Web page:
|Publication number||US5589044 A|
|Application number||US 08/431,898|
|Publication date||Dec 31, 1996|
|Filing date||May 1, 1995|
|Priority date||Jun 1, 1994|
|Also published as||DE4419274A1, EP0685576A1, EP0685576B1|
|Publication number||08431898, 431898, US 5589044 A, US 5589044A, US-A-5589044, US5589044 A, US5589044A|
|Inventors||Robert Scannell, Bernd Busse, Helmut Vormwald|
|Original Assignee||Heraeus Electrochemie Gmbh|
|Export Citation||BiBTeX, EndNote, RefMan|
|Patent Citations (4), Referenced by (4), Classifications (8), Legal Events (7)|
|External Links: USPTO, USPTO Assignment, Espacenet|
The invention pertains to electrolytic cells, especially mercury chlor-alkali cells with current feed rods or power feed bolts and with current distributors in the form of flat sections standing on-edge a certain distance apart, which are welded at their lower edges to activated electrode elements perpendicular to the current distributor sections. The activated electrode elements consist of flat sections up to 2-mm-thick, standing on-edge, with vertical outside surfaces. The number of individual activated electrode elements is larger than the number of current distributors, the electrode elements being installed with a gap of at least 2 mm between them.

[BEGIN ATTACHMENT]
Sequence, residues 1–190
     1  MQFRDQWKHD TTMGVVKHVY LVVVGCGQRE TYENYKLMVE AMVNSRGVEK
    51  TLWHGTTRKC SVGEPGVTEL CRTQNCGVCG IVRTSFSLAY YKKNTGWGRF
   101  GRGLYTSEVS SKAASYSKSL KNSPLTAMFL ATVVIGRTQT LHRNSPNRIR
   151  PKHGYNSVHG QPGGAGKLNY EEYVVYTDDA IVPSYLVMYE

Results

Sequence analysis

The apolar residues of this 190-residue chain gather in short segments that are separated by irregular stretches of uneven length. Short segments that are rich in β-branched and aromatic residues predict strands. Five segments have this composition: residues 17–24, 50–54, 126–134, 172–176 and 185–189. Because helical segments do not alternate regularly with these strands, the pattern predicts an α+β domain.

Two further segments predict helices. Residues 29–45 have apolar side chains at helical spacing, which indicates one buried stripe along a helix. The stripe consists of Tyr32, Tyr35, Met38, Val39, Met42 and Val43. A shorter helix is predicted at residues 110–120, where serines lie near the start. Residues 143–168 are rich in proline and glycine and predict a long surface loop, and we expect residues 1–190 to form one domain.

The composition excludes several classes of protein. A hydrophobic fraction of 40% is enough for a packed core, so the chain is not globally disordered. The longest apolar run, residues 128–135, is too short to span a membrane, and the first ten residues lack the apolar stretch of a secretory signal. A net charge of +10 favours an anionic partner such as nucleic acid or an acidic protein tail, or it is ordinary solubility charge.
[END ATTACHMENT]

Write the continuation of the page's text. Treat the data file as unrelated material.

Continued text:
U.S. Pat. No. 4,022,679 describes an electrode for mercury chlor-alkali electrolytic cells with current feed rods or current feed bolts. The electrode has flat sections spaced a certain distance apart, which are connected at their lower edge to activated electrode elements, which are perpendicular to the sections. The number of individual activated electrode elements is larger than the number of power-supplying parts, and the individual elements as seen in cross section, have a tapering lower edge, which is designed essentially in semicircular form. The problem with these circular or semicircular designs has to do with the discharge of the gas bubbles which form during electrolysis, because these bubbles interfere with the exchange of ions in the electrolytic gap between the semicircular sections and the mercury cathode, and yet there is no way for these bubbles to escape quickly. As a result, it must anticipated that a kind of gas bubble "cushion" will form in the lower area of the anode profile.